5 critical guidelines for data privacy across school districts

How school superintendents can keep student data private in an accelerating tech market.
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When Congress passed the Family Educational Rights and Privacy Act, also known as FERPA, in 1974, school and district leaders could rely on once-a-year training and reviews to make sure they remained in compliance. But in 2018, when educators can add new apps with a few mouse clicks, managing student data privacy has become a never-ending task.

In a recent webinar hosted by, educators outlined how the Consortium for School Networking’s Protecting Privacy in Connected Learning initiative fits with superintendents’ essential roles in directing district privacy efforts.

The speakers said that when it comes to data privacy, the word “done” isn’t in their vocabulary.

Here are CoSN’s five critical guidelines for ensuring data privacy:


1. Stay current and compliant with federal and state laws. 

In addition to FERPA and its subsequent updates, there also COPPA, the Children’s Online Privacy Protection Act; PPRA, the Protection of Pupil Rights Amendment; the European Union’s GDPR, General Data Protection Regulation; and a host of state and local legislation. The results of this alphabet soup are that school leaders need lawyers and school officials well-versed in the changing regulations to ensure compliance. It’s too complex a task for the principal or superintendent to bear on his or her own.Address community and stakeholder expectations early and often. Similarly, as the regulations change, so will school procedures. Leaders need to provide their constituencies — such as teachers, students, parents and vendors — with a clear picture of the school’s policies, how the review process works, and how the data is used. Some schools even have a web page detailing their privacy policies.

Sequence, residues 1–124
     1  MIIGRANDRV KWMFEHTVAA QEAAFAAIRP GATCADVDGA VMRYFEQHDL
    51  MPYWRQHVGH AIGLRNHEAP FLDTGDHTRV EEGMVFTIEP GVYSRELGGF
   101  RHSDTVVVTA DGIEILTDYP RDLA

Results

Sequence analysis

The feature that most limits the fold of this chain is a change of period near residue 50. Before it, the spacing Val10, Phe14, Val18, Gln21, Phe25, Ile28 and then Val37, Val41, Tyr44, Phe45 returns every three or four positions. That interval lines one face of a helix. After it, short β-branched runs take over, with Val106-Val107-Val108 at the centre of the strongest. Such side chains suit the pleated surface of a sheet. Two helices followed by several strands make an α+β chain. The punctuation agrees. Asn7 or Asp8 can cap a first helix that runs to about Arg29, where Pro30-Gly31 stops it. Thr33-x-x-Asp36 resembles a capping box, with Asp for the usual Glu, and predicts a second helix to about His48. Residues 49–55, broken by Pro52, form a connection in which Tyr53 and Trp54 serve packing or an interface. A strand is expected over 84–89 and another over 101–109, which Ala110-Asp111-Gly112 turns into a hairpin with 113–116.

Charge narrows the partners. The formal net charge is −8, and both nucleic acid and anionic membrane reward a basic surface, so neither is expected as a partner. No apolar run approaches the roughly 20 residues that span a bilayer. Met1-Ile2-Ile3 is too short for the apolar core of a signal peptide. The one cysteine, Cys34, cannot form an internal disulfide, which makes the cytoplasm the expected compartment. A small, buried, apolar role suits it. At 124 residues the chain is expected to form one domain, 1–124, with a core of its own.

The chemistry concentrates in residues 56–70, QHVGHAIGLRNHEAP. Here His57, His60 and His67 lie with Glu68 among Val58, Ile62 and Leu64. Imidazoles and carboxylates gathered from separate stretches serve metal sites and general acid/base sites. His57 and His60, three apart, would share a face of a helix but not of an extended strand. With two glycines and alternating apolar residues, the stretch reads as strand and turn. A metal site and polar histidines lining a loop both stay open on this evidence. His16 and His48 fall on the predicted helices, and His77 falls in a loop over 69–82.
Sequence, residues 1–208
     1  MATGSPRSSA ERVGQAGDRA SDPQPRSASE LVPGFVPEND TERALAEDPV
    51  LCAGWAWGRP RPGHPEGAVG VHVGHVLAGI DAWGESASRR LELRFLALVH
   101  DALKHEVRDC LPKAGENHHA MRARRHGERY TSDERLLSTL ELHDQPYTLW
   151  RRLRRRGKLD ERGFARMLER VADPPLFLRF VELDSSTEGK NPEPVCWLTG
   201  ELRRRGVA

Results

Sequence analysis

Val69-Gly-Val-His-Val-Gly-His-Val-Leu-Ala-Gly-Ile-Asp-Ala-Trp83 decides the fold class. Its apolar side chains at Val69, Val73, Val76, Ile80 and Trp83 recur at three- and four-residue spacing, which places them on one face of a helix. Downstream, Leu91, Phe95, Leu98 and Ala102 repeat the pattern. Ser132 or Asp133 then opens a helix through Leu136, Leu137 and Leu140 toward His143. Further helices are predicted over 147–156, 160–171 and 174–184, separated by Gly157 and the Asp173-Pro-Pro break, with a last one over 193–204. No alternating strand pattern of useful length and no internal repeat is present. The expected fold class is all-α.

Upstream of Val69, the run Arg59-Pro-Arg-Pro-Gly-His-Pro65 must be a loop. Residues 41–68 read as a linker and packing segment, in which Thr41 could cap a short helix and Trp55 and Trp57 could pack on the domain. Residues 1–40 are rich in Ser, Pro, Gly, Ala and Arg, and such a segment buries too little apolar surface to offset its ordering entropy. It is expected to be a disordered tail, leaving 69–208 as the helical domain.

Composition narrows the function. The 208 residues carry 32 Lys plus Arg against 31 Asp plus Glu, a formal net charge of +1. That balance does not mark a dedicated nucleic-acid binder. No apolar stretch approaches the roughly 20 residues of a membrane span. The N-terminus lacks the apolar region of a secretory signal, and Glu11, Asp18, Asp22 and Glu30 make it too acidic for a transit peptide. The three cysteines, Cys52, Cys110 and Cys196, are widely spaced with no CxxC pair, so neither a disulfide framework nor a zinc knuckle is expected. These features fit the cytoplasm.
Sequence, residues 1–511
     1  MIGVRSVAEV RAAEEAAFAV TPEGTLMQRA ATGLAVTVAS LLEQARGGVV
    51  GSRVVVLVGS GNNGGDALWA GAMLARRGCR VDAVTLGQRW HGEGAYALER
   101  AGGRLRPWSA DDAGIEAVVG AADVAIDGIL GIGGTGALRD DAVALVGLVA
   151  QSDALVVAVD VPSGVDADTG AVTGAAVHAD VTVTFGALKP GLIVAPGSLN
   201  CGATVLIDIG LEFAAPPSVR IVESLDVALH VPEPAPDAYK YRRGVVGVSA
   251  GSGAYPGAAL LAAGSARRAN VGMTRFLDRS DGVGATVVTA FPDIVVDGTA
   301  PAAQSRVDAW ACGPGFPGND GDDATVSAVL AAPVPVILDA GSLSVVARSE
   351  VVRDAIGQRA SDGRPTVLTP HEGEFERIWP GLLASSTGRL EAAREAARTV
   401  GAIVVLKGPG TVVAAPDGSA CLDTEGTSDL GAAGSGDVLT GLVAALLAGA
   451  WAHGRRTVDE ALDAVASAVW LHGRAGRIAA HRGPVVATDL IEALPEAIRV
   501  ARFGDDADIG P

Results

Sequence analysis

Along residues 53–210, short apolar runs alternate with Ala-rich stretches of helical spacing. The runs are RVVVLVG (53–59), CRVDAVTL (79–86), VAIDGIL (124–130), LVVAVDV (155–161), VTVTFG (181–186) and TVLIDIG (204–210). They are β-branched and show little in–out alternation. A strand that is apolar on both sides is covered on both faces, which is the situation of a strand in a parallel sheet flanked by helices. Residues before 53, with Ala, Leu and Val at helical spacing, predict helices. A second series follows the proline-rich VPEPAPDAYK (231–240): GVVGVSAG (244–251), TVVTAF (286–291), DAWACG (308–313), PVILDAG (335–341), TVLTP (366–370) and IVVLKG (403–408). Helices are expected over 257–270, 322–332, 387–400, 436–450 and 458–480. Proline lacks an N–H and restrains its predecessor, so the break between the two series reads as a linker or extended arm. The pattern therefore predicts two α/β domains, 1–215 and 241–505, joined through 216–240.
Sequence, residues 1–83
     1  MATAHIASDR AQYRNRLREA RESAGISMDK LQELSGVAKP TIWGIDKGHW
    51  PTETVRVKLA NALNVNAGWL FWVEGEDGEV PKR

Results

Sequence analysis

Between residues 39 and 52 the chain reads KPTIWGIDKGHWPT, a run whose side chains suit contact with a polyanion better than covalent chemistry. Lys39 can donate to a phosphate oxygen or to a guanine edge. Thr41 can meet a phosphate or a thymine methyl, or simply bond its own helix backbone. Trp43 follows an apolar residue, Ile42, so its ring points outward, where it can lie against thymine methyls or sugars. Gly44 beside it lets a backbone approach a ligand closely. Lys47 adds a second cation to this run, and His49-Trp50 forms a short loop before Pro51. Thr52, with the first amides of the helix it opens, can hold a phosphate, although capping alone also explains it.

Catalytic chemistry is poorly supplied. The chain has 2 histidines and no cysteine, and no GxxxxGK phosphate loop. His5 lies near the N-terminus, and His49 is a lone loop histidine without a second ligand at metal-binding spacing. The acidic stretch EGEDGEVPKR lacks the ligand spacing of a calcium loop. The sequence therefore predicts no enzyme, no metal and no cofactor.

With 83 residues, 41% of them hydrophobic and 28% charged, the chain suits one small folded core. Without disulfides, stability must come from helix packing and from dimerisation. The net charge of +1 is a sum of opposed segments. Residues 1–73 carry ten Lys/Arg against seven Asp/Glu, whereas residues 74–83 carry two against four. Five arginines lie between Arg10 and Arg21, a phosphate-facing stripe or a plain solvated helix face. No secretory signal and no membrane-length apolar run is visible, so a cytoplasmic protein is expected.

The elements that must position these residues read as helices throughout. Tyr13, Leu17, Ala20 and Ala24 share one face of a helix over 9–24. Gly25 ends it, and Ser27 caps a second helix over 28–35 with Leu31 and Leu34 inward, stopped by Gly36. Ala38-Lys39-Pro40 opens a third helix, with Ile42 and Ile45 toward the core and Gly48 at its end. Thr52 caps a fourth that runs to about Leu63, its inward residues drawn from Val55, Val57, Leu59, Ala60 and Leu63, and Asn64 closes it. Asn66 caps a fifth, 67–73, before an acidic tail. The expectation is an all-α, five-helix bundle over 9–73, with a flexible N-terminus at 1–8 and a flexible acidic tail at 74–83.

2. Keep instructional impacts in the picture.

Data must be meaningful to learning. The instructional value should precede any tech advantage. Schools should have a clear procurement process, even for that one-time app the teacher wants to download, to make sure students are protected in their digital environments.

3. Responsive, responsible privacy administration and management mitigates risks.


While schools can’t guarantee absolute data safety, there are resources, like CoSN’s K-12 Privacy Toolkit for School Leaders, that offer best practices for lowering exposure.

4. Training. Training. Training.

Leaders need to decide who needs to know what information, how much they need to know, and the best way to share that information. For instance, what principals share with parents about protecting student data will be different from their conversations with vendors. The key is to have an organizational chart that highlights each person or group’s role in safeguarding privacy.

5. While on the organization chart there should be a gatekeeper who understands the school or district’s processes, the onus of privacy does not rest solely on that position.

“This is not a single-person solution. It is not the Director of Technology or somebody else who’s responsible for this,” said Dr. Charles “Chip” Dumais, executive director of Cooperative Educational Services in Trumbull, Connecticut. “It’s systemic. People need to understand the data, how the data is used, and only through a systemic solution will we find a way to protect students.”


About the presenters